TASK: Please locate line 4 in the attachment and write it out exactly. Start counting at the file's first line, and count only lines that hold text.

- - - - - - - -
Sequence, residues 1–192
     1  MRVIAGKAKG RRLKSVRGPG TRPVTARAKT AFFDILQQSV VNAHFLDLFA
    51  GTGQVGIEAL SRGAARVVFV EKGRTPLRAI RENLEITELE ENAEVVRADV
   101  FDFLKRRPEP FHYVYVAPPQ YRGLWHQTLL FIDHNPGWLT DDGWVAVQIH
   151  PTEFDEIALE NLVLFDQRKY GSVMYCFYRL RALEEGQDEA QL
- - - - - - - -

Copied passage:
   101  FDFLKRRPEP FHYVYVAPPQ YRGLWHQTLL FIDHNPGWLT DDGWVAVQIH